Mayor Lori Lightfoot acknowledged Thursday that the surge in shootings and murders concentrated on Chicago’s South and West sides has forced her to reset her agenda as mayor, and she vowed to think “creatively” about how to stem the bloodshed.
“Gun violence is the number one issue plaguing the city in this moment,” Lightfoot said, adding that it is the first issue she confronts when she wakes up in the morning, the last she considers at night and the one that wakes her up in the middle of the night. “I recognize that people are scared.”
Speaking just before ceremonially breaking ground on a new headquarters for the Chicago Park District, Lightfoot said too many residents of the South and West sides “are just plain scared” that they will be shot and killed.
“This reality it what pains me, personally, the most,” Lightfoot said. “We have experienced too much bloodshed in this city. Too many funerals, and too much trauma.”
Until the violence is controlled in Chicago, “nothing else matters,” said Lightfoot, who traveled to San Francisco last week to encourage tech companies to open new offices in Chicago.
Lightfoot again insisted that crime is down this summer compared to summer 2020, when the city experienced a significant increase in crime and violence despite restrictions designed to stop the spread of COVID-19. However, shootings are up approximately 60% over summer 2019, and murders are up nearly 50% from two years ago — the last summer before the pandemic.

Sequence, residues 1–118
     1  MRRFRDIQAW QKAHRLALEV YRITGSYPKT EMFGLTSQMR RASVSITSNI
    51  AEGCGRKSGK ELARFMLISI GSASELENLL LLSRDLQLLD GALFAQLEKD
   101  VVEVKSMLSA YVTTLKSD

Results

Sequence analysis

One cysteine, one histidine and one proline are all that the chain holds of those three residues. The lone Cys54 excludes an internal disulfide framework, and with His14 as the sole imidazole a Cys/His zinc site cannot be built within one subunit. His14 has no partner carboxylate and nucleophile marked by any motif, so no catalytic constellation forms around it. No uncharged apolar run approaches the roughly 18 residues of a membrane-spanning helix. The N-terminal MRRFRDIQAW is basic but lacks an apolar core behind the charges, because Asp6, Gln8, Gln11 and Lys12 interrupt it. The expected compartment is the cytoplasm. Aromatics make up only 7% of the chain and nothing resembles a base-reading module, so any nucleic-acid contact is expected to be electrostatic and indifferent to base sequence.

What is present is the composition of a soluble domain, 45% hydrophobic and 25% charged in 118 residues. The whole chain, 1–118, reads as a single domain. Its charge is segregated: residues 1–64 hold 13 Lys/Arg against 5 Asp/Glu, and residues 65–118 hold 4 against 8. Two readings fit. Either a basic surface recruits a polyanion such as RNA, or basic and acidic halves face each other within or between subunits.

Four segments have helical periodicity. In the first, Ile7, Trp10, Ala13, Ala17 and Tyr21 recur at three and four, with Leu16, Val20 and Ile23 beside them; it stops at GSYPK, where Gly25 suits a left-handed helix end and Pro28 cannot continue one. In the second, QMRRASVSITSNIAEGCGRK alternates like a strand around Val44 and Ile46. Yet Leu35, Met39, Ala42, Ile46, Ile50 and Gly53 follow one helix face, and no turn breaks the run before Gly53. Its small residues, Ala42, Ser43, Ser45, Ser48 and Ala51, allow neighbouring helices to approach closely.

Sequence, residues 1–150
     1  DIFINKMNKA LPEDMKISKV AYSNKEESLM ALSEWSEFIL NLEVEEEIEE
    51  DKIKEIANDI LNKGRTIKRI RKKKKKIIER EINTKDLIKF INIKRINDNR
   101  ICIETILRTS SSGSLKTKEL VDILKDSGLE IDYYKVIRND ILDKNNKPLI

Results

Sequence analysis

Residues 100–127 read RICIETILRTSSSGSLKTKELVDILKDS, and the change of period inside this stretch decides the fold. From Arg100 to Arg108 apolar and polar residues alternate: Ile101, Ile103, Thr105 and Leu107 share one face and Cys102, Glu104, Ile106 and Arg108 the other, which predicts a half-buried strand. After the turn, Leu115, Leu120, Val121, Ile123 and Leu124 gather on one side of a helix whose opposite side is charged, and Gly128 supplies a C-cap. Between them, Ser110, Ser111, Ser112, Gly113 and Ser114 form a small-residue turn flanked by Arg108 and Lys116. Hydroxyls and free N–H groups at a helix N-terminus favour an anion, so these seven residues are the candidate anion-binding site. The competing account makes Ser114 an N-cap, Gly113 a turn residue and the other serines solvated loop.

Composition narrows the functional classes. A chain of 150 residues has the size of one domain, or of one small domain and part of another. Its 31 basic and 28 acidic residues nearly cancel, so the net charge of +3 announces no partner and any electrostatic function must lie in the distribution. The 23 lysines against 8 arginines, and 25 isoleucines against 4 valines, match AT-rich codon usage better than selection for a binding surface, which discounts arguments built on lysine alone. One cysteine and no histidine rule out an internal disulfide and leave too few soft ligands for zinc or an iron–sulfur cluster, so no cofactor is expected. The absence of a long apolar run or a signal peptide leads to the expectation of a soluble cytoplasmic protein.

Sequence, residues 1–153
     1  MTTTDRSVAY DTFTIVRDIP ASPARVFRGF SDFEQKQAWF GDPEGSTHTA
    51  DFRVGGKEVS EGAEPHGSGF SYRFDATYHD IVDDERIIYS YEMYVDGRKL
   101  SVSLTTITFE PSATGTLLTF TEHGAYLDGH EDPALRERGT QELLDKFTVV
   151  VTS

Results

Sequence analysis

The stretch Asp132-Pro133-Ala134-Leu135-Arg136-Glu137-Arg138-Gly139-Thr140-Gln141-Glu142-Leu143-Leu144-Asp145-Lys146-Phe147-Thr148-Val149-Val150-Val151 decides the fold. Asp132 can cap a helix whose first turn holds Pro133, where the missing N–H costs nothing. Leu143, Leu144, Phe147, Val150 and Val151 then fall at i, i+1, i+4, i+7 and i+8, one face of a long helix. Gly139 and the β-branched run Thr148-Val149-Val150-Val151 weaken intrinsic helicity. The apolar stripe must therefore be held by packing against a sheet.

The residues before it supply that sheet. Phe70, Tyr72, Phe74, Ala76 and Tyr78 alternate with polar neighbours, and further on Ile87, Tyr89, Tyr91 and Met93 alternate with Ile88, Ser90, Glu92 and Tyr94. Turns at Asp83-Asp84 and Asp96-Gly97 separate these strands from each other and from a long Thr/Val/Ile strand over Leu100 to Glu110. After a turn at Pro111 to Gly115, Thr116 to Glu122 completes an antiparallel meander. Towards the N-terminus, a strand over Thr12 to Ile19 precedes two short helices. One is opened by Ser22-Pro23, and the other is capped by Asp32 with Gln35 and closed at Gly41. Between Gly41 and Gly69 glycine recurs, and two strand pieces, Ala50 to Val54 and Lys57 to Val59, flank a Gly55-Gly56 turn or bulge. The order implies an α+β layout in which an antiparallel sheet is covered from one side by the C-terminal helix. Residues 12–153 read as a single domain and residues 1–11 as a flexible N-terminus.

City officials must stop the “daily drumbeat of shootings and homicides,” Lightfoot said.
“I want to reassure the public of not only my commitment, but of our resolve to fight and make sure this plague of gun violence is one that we win once and for all,” Lightfoot said, promising to unveil more “specific investments” to address the root causes of violence as well as the “immediate consequences” of the violence the city is experiencing.
Lightfoot blamed the violence on the flood of illegal guns into Chicago. Officers have seized more than 6,300 guns so far this year, marking a record-breaking pace, Lightfoot said, vowing to “think creatively” about solutions.
Lightfoot announced the creation of a $1 million reward fund for those who help Chicago police officers get illegal guns off the street.
“We need everyone’s help,” Lightfoot said, promising more specific details about the fund, set to be established with taxpayer dollars, in the coming days.
In 2020, Chicago officials seized more than 11,200 guns, according to city data.
Since taking office, Lightfoot has called on federal law enforcement authorities to crack down on the flow of illegal guns into Chicago. A strike force authorized by President Joe Biden is expected to start working in Chicago by the end of July.
“This crisis demands bold and creative action,” Lightfoot said. “It demands more of each of us. And as your mayor, it demands more of me. I willingly and unapologetically accept this challenge.”